Battery Life

Performance isn’t the only benefit that comes with Tegra 4 – NVIDIA and Microsoft also enjoy a smaller/lower power process: TSMC’s 28nm HPL. Of course four high-clocked Cortex A15 cores drives max power consumption higher than on Tegra 3, but idle power consumption and power efficiency at lower clock speeds should be better. As with most present day mobile devices, the move from Surface to Surface 2 comes with an increase in dynamic range of power consumption. I put Surface 2 (as well as Surface RT) through our 2013 tablet/smartphone web browsing battery life test and came away with around 8 hours of use on a single charge. That’s definitely not the lowest power that we’ve seen, but it is an improvement over the 6.8 hours Surface RT managed in the same test.

Web Browsing Battery Life (WiFi)

As with all modern Tegra SoCs there’s one extra “companion” core designed to be used for lower power/performance operation. Unlike under Android, there’s no hot plugging of CPU cores under Windows RT – there are always four Cortex A15s presented to the OS/scheduler, regardless of whether or not the companion core is active. Microsoft tells me the companion core is used on Surface 2 (unlike its predecessor), however specifics are tough to come by. Microsoft claims the companion core is used during full screen video playback. The only thing I can think of is that the hardware migrates the companion core in under certain circumstances, taking the place of one of the four A15s, and software specifically sets processor affinity in this case. I tried confirming whether or not this was the case by playing a movie and inspecting the process under task manager, unfortunately I came up empty handed. The video playback process wasn’t set to run on any one core in particular, it was allowed to run on all four exposed cores.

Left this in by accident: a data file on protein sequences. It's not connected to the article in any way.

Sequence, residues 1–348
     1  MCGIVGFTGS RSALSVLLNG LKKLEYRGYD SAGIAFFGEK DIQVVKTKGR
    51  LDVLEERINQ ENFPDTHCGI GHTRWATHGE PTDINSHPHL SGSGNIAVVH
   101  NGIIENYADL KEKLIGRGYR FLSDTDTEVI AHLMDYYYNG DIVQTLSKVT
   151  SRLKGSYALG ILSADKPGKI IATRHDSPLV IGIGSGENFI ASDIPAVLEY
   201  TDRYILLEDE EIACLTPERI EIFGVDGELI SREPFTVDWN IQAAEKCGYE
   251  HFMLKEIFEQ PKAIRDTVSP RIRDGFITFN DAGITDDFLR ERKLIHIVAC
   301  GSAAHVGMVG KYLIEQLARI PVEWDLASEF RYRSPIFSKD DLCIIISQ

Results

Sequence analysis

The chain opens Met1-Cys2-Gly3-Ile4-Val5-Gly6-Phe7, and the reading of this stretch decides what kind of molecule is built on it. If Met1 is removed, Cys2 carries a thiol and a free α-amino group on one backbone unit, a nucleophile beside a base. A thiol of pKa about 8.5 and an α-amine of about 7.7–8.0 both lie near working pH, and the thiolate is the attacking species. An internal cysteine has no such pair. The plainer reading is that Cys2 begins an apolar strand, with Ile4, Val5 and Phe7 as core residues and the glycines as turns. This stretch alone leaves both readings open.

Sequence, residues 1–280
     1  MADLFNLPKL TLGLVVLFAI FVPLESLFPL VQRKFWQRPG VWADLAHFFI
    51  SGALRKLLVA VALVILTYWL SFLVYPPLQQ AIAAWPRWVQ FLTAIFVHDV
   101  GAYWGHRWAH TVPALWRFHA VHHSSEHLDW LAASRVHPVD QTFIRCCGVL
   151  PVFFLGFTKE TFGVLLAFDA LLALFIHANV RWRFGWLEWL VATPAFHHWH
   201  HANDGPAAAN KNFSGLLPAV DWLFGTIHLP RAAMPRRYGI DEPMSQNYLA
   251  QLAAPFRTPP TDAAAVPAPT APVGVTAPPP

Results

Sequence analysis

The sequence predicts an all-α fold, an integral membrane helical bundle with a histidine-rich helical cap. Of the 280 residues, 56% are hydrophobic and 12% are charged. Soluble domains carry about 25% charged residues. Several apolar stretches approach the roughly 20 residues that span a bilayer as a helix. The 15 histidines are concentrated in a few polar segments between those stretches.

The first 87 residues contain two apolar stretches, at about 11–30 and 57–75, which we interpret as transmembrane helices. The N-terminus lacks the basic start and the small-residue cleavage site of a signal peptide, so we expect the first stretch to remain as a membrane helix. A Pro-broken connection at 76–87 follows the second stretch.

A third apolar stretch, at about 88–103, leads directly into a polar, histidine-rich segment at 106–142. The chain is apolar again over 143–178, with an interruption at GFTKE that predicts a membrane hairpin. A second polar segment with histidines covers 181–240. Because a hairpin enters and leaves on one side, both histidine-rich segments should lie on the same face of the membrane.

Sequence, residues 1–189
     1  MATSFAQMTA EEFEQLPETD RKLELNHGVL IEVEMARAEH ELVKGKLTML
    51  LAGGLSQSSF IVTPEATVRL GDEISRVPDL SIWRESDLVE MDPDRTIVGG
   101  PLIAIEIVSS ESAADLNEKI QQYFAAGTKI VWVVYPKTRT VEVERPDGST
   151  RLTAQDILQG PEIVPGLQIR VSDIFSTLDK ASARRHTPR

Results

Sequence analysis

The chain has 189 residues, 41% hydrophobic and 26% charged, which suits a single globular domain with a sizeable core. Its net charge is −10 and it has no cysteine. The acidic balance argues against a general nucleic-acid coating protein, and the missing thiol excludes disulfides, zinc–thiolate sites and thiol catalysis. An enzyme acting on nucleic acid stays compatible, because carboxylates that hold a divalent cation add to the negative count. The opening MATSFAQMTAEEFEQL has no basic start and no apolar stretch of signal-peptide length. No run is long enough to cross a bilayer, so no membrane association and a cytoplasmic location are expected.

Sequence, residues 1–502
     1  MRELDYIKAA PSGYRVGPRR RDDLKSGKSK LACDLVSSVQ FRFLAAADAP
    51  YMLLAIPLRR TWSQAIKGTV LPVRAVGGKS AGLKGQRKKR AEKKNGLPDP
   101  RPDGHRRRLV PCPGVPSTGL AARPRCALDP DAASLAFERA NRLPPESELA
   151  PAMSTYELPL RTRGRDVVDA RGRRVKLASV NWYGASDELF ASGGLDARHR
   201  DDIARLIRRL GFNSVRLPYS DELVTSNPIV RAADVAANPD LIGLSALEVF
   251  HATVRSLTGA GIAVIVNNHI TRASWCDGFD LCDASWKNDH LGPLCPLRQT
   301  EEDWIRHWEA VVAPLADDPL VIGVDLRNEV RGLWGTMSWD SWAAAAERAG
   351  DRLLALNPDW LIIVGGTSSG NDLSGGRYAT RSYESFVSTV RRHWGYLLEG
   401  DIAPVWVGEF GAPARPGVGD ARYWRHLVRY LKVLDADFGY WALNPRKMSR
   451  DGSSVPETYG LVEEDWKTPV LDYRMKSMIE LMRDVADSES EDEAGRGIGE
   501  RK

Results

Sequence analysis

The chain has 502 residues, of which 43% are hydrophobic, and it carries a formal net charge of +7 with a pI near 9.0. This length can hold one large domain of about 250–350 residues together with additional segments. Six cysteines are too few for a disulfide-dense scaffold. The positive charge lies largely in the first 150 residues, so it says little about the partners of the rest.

Video Playback Battery Life (720p, 4Mbps HP H.264)

However it’s used, the impact seems to work relatively well. Surface 2 managed just over 10 hours of battery life in our video playback test. It’s not the best we’ve seen in this test, but it’s definitely competitive with other flagship devices.

Software

Surface 2 ships with Windows RT 8.1, and similarly absorbs all of the improvements that 8.1 brought to x86 machines as well. A number of ARM specific optimizations are under the hood, which should help improve both performance and power consumption.

The biggest issue with Surface 2 remains on the software front. Developer support for Windows Store applications is no where near where I thought it would be by now. There are some big ones (Netflix, Facebook), but there’s still no good Twitter client, no amazing IM client, and of course you don’t get good integration of Google services anywhere (outside of leveraging Mail for Gmail access).


Without opening up classic desktop APIs to developers, we won’t see alternative web browsers like Chrome or Firefox on Windows RT 8.1 either. Although IE11 does a relatively good job on the touch front, I find that heavy multitasking with IE11 on Surface 2 can result in a lot of hangs and crashes within tabs or the application itself. I can understand Microsoft’s hesitation on this front (better control over the platform if you don’t open it up), but I can’t see a future where Windows RT is successful and Microsoft doesn’t allow developers to access both sides of the platform.

SoC, CPU & Performance Final Words
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  • ancientarcher - Monday, October 21, 2013 - link

    This is a great improvement over the original Surface. The huge increase on the GPU front obviously made it possible for MS to offer the higher resolution screen and along with a better CPU made it a lot smoother to use.

    The king of tablets - yes. But then, no one talks about how ios is incompatible with OSX! It's only with MS that people expect 100/100 every time. Only if Windows RT had been compatible with the Windows Phone ecosystem. Then there would not be so much noise about the app ecosystem.

    I am beginning to think how good a device this will be in a year or so, particularly if MS manages to merge the Windows Phone ecosystem with this (after all both run on ARM so should be theoretically possible). And yes, slightly lighter with better battery life needed. With a few more apps, this will be the perfect device.